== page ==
Redirecting...

Click here if you are not redirected.

A to Z, F15

Twitter Bots (and server-side programming)

Examples (node basics)

Node basics

Node.js is a JavaScript framework for writing server-side applications. In its simplest form it allows you to trigger small JavaScript programs from the command line without any browser involved. For example, assuming node is installed if you write a JavaScript program in a file called hello.js:

console.log('Node works!');

And then execute it from terminal with node hello.js you’ll see:

$ node hello.js
Node works!

Node Package Manager (npm) comes with node and allows you to install and work with node packages. Node packages are like libraries or add-ons and you can work with them in the same way that you might use a Processing or JavaScript library.

Though it’s not required, it’s generally good practice to include a package.json file with each node project. This file stores metadata about your project like author, license, as well as any dependencies on other node packages. You can manually create the file, but the command npm init will prompt you with a series of questions.

$ npm init

After answering the prompts you’ll see something like the following in a new package.json file:

{
  "name": "project-name",
  "version": "1.0.0",
  "description": "This is a test project.",
  "main": "server.js",
  "scripts": {
    "test": "echo \"Error: no test specified\" && exit 1"
  },
  "author": "Daniel Shiffman",
  "license": "ISC"
}

Here is a link to documentation of package.json contents.

Now let’s say you are creating a node application where you want to use the Twit package. Twit is a package for connecting to the Twitter API and I’ll user it in examples you’ll find later on this page. To install a package, simply type npm install packagename. You can also add flags which can modify how a package is installed. One that I’ll use here is --save. This flag saves a reference to the package to package.json which can come in handy later when deploying your application.

$ npm install Twit --save

Express basics

Express is a popular, simple web framework for node. It includes hooks for the usual things you want to do with a web server, like hosting files and getting query input from a user. Although Express is not necessary for the ultimate goal of writing twitter bots (no need to be a web server), I’m going to take a little time on this page to walk through some basics related to other kinds of server-side functionality you might need for projects in this course.

First thing you need to do is install express.

$ npm install express --save

Once it’s installed, the way to access code from a node package is through the require() function.

var express = require('express');

With a reference to express, you can then create an express “app”:

var app = express();

The app is now a variable that holds an express instance, and allows you to implement functionality on that instance. For example, you might listen to conenctions on a certain port. The callback is triggered when the

var server = app.listen(3000);

You can also serve static files. For example, if you have a p5.js sketch (with an index.html file) and you place it in a folder called public, you can say:

app.use(express.static('public'));

Now anytime you enter the url to your server (if you are running it on your machine, this will be http://localhost:3000), the contents of the public folder will be hosted. (By the way, this is exactly what the p5.js editor is doing when you hit the run button.)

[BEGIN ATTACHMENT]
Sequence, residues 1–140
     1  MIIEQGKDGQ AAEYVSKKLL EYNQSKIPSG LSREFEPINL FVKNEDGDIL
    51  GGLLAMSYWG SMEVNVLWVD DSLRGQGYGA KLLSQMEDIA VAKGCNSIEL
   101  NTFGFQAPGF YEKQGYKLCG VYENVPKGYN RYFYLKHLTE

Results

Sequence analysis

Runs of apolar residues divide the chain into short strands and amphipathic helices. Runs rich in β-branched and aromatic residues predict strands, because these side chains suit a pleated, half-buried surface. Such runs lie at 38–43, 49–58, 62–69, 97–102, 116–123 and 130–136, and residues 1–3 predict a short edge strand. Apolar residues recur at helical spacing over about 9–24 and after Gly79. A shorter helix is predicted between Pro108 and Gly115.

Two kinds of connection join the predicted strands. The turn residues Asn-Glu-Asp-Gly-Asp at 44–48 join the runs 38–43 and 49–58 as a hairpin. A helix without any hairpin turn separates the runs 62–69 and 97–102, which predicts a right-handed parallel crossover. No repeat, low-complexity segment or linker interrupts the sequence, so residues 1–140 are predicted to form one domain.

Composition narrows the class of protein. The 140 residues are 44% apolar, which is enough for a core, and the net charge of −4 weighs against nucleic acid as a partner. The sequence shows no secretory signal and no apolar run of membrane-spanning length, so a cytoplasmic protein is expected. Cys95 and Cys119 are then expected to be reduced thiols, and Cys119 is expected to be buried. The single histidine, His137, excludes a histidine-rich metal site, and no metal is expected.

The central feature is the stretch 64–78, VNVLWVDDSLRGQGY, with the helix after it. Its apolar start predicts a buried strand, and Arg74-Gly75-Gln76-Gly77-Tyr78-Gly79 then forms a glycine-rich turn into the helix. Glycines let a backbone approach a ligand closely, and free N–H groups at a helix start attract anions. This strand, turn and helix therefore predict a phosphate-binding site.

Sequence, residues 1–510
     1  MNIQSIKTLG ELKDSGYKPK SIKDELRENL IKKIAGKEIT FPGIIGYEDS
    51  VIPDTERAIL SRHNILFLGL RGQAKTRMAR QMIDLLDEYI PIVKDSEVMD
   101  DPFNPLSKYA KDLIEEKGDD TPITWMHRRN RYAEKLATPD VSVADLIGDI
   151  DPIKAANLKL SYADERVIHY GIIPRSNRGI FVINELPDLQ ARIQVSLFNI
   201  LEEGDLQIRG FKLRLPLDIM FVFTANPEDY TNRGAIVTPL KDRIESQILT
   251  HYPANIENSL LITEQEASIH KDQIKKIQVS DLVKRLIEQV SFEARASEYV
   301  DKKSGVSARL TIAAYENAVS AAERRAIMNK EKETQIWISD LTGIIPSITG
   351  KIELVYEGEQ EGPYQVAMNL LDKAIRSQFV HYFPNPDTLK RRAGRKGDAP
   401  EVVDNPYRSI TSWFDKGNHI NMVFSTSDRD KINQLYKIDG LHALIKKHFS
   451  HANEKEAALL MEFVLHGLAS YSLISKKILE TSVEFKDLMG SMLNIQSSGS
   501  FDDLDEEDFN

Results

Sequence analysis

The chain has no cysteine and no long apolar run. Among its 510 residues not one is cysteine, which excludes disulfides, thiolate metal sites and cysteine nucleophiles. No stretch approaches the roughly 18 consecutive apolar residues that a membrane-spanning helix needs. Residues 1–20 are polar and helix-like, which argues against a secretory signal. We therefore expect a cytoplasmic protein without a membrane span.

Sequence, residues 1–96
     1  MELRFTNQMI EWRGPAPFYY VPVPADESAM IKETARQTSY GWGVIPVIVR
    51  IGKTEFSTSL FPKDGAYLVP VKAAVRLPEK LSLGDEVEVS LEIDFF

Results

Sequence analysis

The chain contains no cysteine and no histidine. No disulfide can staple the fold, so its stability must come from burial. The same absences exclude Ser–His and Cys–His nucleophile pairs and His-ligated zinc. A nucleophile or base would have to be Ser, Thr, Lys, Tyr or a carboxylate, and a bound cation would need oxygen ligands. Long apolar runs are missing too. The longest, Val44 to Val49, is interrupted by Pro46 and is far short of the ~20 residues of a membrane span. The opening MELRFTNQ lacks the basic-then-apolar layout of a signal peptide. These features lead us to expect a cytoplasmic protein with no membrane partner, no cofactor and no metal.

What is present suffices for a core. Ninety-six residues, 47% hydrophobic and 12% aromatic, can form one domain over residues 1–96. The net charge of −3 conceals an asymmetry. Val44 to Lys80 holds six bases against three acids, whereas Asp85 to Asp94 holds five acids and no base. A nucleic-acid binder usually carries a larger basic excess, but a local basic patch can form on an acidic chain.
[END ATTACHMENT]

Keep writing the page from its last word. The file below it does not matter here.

Routes with express

Beyond hosting static files, one of the most useful things you can do with server-side programming is execute different blocks of code based on the users’ “route”. A route is a path on the server like http://yourserver.com/path/to/route. With static files, this is just a folder structure, but new possibilities open up when you programatically handle a route. For example, the following code specifies a function to call whenever a user goes to http://server.com/someroute.

app.get('/someroute', sayHello);

With the above code, you then need to do define the sayHello() function (which of course could have been named anything you want.)

function sayHello(request, response) {
  res.send("Hello!");
}

Notice how the callback sayHello() is defined with two parameters: request and response. These variables refer to the HTTP request-response protocol. The user made a request and the server provides a response.

So in the above example, you can see that the server is just sending back the work “Hello!” in the response. If you passed a variable full of HTML back through send() you’d be serving up a webpage (generated programmtically!).

You can also look at the data associated with the user’s request. For example, if the request was made with a query string like http://server.com/someroute?name=Olympia, the value “Olympia” can be accessed via the query property of request.

function sayHello(request, response) {
  var name = request.query.name;
  res.send("Hello " + name + "!");
}

RESTful routes

REST (Representational_state_transfer) is a common style of web architecture that is used by many APIs. For example, as you may have seeen in previous examples, a request to the Wordnik API looks something like: http://api.wordnik.com:80/v4/word.json/unicorn/definitions. Note how this is different than using a url query string like http://someapi.com/?word=unicorn. Instead of a query string, the API pulls out commands (“definitions”) and parameters (“unicorn”) from the route itself. This translates to “Please send the definitons for the word unicorn.”

You can implement this style in node using app.get() as above. The difference is the following.

  1. “Variables” (i.e. values that are filled by the user) and notated with a colon (“:”).
  2. Those variables are accessed via the params property of request rather than query.
app.get('/hello/:name/:age', sayHello);

A valid url for the above might then be: http://server.com/hello/Elias/7. You could handle the above saying: